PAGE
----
May 3, 2011

Kenya

Kenya unveil ambitious new domestic structure

Martin Williamson

Cricket Kenya has announced new 20 and 50-over domestic competitions aimed at bolstering the standard of cricket in the country. The inclusion of two Ugandan sides in the six-team set-up will also provide a valuable boost to their up-and-coming neighbours.

The gulf between the NPCA league, Kenya's premier competition, and the national side has been a worry for a long time. In 2009 an attempt was made to establish a four-team elite event in both three-day and limited-over formats, but it foundered because of a lack of finance and poor support from players.

The latest initiative will feature four Kenyan sides - two from Nairobi, one each from Coast and Rift Valley - as well as two Ugandan teams. Each side will play ten games over weekends, with a Twenty20 match on a Saturday followed a day later by a 50-over contest. The leading four teams in each event would then progress to play-offs and a final.

Nationally contracted players will be split between sides to ensure a fair balance between the competitors, and Tom Sears, Cricket Kenya's chief executive, told ESPNcricinfo there were also plans to bring in overseas players from the subcontinent. "I believe by bringing in players from abroad we have the best chance of our players improving their game," he said.

Original plans had been for all six sides to come from within Kenya, but Sears admitted that "the level of competition was such that we could offer not enough strength in depth to provide strong enough cricket". He added that as Africa's leading Associate, it was Kenya's responsibility to help the progress of Uganda. "They have good players," he said. "That's why we opted to give them a chance to take part."

It was also revealed that a media deal had been agreed with Supersport for them to cover the semi-finals and finals of each competition.

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Posted by Matt_D on (May 30, 2011, 12:11 GMT)

This is wonderful news. I agree with above comments, and would like to see some 3-4 day cricket, but if this modest beginning is a success then changes can be made. Good on Kenya for recognising that the first step to international success is in promoting the health of domestic cricket.

Posted by Leigh on (May 28, 2011, 1:55 GMT)

@Meety, geographically Uganda, Rwanda and Tanzania are a lot closer to Kenya (Zambia is a little further). I think that would be the reason Jashan suggested those countries to have expansion teams. If travelling longer distances wasn't an issue then I'd definitely agree that Namibia and Zimbabwe should be included.

Posted by Meety on (May 25, 2011, 3:00 GMT)

@ Ricardo Johnson - whats the point? Associates are struggling to get a clear pathway to the top in the 50 over format, with the ICC trying to push the Associates towards T20. If the ICC succeed, why would Associates even bother with 50 over matches? @Jashan(India)- I actually think that Kenya should of tried to link with Zim & Namibia. That being said merging with Uganda is a good move. Maybe they still could get Namibia on board?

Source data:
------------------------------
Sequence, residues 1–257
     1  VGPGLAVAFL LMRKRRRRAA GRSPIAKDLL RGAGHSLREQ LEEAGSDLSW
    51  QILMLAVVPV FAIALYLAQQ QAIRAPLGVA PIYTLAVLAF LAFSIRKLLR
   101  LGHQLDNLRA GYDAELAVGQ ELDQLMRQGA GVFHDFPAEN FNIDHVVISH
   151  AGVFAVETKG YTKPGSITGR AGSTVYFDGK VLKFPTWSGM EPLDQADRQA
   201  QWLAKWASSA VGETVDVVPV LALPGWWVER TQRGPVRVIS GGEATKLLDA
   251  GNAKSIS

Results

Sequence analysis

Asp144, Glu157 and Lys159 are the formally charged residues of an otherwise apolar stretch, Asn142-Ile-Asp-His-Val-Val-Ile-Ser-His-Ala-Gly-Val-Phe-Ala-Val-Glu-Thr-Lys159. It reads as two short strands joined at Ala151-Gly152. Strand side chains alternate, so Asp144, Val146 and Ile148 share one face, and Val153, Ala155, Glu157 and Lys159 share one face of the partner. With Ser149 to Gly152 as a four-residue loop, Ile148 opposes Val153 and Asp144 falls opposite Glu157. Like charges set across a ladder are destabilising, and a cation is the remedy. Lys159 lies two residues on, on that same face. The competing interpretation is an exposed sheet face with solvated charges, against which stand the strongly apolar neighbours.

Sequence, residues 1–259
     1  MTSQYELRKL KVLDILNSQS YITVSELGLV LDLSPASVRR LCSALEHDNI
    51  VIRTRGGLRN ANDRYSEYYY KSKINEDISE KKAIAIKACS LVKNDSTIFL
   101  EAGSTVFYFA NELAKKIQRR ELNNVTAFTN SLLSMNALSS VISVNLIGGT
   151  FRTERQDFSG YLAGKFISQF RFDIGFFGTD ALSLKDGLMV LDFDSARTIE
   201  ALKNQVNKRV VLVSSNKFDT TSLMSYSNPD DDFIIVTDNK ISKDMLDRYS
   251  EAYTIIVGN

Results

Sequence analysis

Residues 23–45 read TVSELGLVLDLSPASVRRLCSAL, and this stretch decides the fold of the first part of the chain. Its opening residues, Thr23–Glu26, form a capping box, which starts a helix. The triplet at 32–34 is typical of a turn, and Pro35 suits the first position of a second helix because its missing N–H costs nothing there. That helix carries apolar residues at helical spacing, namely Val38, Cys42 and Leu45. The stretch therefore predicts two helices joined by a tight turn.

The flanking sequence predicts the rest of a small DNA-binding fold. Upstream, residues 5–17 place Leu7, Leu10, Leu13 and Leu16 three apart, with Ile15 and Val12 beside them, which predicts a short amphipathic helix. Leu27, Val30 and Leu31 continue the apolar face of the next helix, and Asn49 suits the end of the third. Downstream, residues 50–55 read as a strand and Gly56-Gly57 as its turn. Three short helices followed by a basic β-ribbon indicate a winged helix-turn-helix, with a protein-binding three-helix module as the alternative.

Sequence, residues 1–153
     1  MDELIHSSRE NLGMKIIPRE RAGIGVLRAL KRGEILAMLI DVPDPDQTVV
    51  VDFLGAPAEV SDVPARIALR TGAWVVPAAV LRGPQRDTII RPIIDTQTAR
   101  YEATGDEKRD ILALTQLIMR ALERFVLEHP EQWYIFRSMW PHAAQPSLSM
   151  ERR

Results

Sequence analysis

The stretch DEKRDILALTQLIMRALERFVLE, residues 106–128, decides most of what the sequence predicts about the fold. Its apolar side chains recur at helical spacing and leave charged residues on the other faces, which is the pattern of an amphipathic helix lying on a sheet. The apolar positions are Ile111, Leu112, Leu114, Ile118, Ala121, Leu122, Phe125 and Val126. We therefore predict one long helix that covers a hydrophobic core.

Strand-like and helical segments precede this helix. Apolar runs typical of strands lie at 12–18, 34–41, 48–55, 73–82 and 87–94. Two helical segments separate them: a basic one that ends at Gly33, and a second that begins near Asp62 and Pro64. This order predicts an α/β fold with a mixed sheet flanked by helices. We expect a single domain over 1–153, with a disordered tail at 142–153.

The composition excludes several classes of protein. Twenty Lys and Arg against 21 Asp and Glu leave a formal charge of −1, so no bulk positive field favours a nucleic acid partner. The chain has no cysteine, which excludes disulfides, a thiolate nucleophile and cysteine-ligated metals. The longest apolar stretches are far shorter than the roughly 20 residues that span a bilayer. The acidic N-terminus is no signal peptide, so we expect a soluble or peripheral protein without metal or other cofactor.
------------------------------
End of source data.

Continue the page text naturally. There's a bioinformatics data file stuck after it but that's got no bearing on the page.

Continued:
Posted by Ricardo Johnson on (May 17, 2011, 17:50 GMT)

I agree 1000% with Colin. why can't associate sides see the value of 3-4 day cricket??? you don't have to put on loads of games. you can even use 3 day games. saturday and sunday a weekends. just add in fridays occasionally, and eventually add in the other east african nations. Can some one please explain to me why associate cricket followers dont seem to grasp the importance of multi day cricket???

Posted by colin macbeth on (May 9, 2011, 12:23 GMT)

It's not that different from the EA provincial league that I and others have been proposing for the last 15 months; that would, of course, take in 3-4 day games which this will not. But it's a good start. Kenya and Uganda need each other (vide my article in The Razor of April 28: 'Battered East African cricket can rise together'). The inclusion of Uganda, whose two-division national league is superior and better organised than that of the NPCA, will be essential to its success. Maybe the women will also take up the cudgel, and one day Tanzania, Zambia and Rwanda come in.

Posted by Jashan(India) on (May 6, 2011, 10:09 GMT)

In long term this tournament should expand to 10 teams 4 from Kenya 2 from Uganda 2 from Tanzania 1 from Zambia 1 from Rwanda

This would not affect the quality of cricket and give the league much bigger market. From present market of 70.4 M Population and 49.5 B$ GDP to a larger market of 137 M Population and 93.3B$ GDP doubling the market and a much attractive proposition to the sponsors which is roughly the size of Bangladesh market and even half the passion for game make a great proposition.

Already many efforts are going on for making economic unity and sports can pave a wave to lead it all the way

Posted by Phil S. on (May 5, 2011, 10:37 GMT)

I hope this goes well for Kenya. Good to see Uganda getting a look in too.

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ABOUT THE AUTHOR

Martin Williamson
Executive editor Martin Williamson joined the Wisden website in its planning stages in 2001 after failing to make his millions in the internet boom when managing editor of Sportal. Before that he was in charge of Sky Sports Online and helped launch and run Sky News Online. With a preference for all things old (except his wife and children), he has recently confounded colleagues by displaying an uncharacteristic fondness for Twenty20 cricket. His enthusiasm for the game is sadly not matched by his ability, but he remains convinced that he might be a late developer and perseveres in the hope of an England call-up with his middle-order batting and non-spinning offbreaks. He is now managing editor of ESPN EMEA Digital Group as well as his Cricinfo responsibilities.

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